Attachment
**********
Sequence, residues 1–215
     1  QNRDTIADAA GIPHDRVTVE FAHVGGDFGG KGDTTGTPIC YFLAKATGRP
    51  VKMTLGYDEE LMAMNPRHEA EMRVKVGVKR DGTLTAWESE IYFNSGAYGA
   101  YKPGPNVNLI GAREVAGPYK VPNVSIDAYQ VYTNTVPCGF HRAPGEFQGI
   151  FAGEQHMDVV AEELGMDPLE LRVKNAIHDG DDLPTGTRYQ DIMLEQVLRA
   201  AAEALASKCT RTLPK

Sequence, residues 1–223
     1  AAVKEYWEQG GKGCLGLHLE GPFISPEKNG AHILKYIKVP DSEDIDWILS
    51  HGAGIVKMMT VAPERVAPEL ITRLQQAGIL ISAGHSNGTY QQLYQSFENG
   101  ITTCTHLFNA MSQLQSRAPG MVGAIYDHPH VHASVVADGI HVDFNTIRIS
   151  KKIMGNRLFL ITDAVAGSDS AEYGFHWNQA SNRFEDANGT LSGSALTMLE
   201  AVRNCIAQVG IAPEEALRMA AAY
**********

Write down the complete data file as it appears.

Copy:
Sequence, residues 1–215
     1  QNRDTIADAA GIPHDRVTVE FAHVGGDFGG KGDTTGTPIC YFLAKATGRP
    51  VKMTLGYDEE LMAMNPRHEA EMRVKVGVKR DGTLTAWESE IYFNSGAYGA
   101  YKPGPNVNLI GAREVAGPYK VPNVSIDAYQ VYTNTVPCGF HRAPGEFQGI
   151  FAGEQHMDVV AEELGMDPLE LRVKNAIHDG DDLPTGTRYQ DIMLEQVLRA
   201  AAEALASKCT RTLPK

Sequence, residues 1–223
     1  AAVKEYWEQG GKGCLGLHLE GPFISPEKNG AHILKYIKVP DSEDIDWILS
    51  HGAGIVKMMT VAPERVAPEL ITRLQQAGIL ISAGHSNGTY QQLYQSFENG
   101  ITTCTHLFNA MSQLQSRAPG MVGAIYDHPH VHASVVADGI HVDFNTIRIS
   151  KKIMGNRLFL ITDAVAGSDS AEYGFHWNQA SNRFEDANGT LSGSALTMLE
   201  AVRNCIAQVG IAPEEALRMA AAY